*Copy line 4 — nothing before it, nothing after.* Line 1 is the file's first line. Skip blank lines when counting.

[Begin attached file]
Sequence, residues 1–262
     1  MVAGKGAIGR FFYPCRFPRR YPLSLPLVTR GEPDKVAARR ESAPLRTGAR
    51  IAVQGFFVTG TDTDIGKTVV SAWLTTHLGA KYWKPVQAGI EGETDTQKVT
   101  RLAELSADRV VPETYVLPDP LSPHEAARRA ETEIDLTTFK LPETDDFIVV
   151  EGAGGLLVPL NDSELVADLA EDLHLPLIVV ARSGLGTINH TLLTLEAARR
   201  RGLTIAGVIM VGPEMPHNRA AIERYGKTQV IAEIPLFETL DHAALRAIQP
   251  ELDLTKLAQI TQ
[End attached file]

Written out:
   101  RLAELSADRV VPETYVLPDP LSPHEAARRA ETEIDLTTFK LPETDDFIVV